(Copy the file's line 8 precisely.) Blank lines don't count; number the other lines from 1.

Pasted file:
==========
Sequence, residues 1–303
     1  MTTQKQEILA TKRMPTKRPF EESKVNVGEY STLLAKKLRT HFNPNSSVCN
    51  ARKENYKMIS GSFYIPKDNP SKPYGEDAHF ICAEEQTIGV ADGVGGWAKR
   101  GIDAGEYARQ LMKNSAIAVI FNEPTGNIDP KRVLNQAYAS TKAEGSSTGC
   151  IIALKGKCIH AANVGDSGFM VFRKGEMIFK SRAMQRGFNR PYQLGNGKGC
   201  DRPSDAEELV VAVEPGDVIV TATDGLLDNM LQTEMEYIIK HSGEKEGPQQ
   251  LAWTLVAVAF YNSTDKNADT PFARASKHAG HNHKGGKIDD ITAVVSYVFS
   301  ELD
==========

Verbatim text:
   301  ELD